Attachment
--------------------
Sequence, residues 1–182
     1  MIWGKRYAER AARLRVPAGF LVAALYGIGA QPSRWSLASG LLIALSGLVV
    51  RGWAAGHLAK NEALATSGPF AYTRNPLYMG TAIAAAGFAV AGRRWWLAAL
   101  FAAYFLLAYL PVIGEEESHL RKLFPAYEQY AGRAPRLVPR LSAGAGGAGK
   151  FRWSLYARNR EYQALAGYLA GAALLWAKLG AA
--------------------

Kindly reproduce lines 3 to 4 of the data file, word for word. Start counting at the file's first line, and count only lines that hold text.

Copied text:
    51  RGWAAGHLAK NEALATSGPF AYTRNPLYMG TAIAAAGFAV AGRRWWLAAL
   101  FAAYFLLAYL PVIGEEESHL RKLFPAYEQY AGRAPRLVPR LSAGAGGAGK